The real effective exchange rate of the dollar is close to its minimum level for the past 4decades (as of September 2008). At the same time, however, the U.S. trade and currentaccount deficits remain large and, absent a significant correction in coming years, wouldcontribute to a further accumulation of U.S. external liabilities. The paper discusses thetension between these two aspects of the dollar assessment, and what factors can helpreconcile them. It focuses in particular on the terms of trade, adjustment lags, andmeasurement issues related to both the real effective exchange rate and the current accountbalance.
This paper studies whether compliance with the Basel Core Principles for Effective Banking Supervision (BCPs) improves bank soundness. The authors find a significant and positive relationship between bank soundness (measured with Moody's financial strength ratings) and compliance with principles related to information provision2. Specifically, countries that require banks to regularly and accurately report their financial data to regulators and market participants have sounder banks. This relationship is robust to controlling for broad indexes of institutional quality, macroeconomic variables, sovereign ratings, and reverse causality. Measuring soundness through Z-scores yields similar results. These findings emphasize the importance of transparency in making supervisory processes effective and strengthening market discipline. Countries aiming to upgrade banking regulation and supervision should consider giving priority to information provision over other elements of the core principles.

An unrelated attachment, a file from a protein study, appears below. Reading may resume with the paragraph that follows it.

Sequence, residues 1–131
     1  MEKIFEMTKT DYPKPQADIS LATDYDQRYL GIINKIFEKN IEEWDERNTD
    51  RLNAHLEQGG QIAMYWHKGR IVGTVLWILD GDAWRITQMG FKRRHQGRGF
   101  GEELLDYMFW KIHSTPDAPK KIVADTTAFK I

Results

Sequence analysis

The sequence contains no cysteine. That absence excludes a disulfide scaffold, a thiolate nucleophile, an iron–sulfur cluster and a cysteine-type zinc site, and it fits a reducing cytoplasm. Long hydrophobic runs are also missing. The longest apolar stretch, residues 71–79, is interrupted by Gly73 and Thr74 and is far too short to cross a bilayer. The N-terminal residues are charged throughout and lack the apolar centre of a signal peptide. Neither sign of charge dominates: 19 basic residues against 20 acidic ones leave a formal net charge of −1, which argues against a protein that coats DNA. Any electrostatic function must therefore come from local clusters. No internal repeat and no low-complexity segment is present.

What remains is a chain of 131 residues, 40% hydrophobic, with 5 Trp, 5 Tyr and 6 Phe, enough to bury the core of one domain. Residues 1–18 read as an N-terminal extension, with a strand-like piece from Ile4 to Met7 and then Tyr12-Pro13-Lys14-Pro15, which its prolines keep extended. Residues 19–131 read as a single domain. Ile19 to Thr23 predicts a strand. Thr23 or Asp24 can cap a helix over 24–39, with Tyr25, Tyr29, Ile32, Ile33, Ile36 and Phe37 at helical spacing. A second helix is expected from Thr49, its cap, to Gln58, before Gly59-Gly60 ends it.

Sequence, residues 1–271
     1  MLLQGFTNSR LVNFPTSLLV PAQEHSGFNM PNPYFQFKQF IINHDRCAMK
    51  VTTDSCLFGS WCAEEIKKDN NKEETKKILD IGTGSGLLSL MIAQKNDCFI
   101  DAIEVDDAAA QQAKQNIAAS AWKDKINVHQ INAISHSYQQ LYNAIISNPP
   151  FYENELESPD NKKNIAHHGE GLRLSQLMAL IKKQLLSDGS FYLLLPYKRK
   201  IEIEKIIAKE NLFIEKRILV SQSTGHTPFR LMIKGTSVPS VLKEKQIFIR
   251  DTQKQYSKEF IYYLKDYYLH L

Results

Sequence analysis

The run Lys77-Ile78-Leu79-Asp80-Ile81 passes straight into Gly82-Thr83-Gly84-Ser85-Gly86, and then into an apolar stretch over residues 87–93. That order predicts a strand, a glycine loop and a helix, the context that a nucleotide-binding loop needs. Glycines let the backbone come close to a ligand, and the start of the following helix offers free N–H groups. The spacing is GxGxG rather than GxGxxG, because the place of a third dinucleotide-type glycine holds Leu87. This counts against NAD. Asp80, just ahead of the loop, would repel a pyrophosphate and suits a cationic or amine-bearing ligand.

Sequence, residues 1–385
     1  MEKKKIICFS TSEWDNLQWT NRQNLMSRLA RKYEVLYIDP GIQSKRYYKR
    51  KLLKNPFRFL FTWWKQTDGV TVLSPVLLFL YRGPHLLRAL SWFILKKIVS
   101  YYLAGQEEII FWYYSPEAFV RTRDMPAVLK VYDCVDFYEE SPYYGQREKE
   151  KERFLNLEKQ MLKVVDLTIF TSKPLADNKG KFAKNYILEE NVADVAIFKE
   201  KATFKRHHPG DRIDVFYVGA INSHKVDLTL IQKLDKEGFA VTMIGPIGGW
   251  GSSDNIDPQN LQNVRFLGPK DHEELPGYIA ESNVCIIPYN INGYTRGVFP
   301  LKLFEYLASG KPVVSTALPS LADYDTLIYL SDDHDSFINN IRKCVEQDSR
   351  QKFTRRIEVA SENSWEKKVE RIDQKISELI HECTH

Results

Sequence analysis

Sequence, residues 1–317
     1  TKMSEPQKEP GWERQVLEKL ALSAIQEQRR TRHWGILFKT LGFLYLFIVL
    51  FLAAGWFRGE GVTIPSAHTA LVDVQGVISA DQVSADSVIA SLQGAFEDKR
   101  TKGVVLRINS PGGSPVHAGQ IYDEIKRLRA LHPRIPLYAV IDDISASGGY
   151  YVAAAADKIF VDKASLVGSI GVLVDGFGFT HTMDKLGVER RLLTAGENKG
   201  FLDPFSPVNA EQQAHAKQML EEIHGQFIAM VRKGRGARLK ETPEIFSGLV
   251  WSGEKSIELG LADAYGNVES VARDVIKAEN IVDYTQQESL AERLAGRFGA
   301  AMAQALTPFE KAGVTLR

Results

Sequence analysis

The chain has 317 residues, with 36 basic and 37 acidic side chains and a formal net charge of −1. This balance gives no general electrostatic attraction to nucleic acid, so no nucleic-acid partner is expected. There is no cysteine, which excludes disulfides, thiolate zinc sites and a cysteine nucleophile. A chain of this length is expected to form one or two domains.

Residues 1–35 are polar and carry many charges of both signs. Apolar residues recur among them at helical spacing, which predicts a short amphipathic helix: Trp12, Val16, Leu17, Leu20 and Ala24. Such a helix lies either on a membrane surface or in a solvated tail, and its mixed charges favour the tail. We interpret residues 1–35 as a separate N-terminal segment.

This note documents and assesses the role of small financial centers in the international financial system using a newly-assembled dataset. It presents estimates of the foreign asset and liability positions for a number of the most important small financial centers, and places these into context by calculating the importance of these locations in the global aggregate of cross-border investment positions. It also reports some information on bilateral cross-border investment patterns, highlighting which countries engage in financial trade with small financial centers.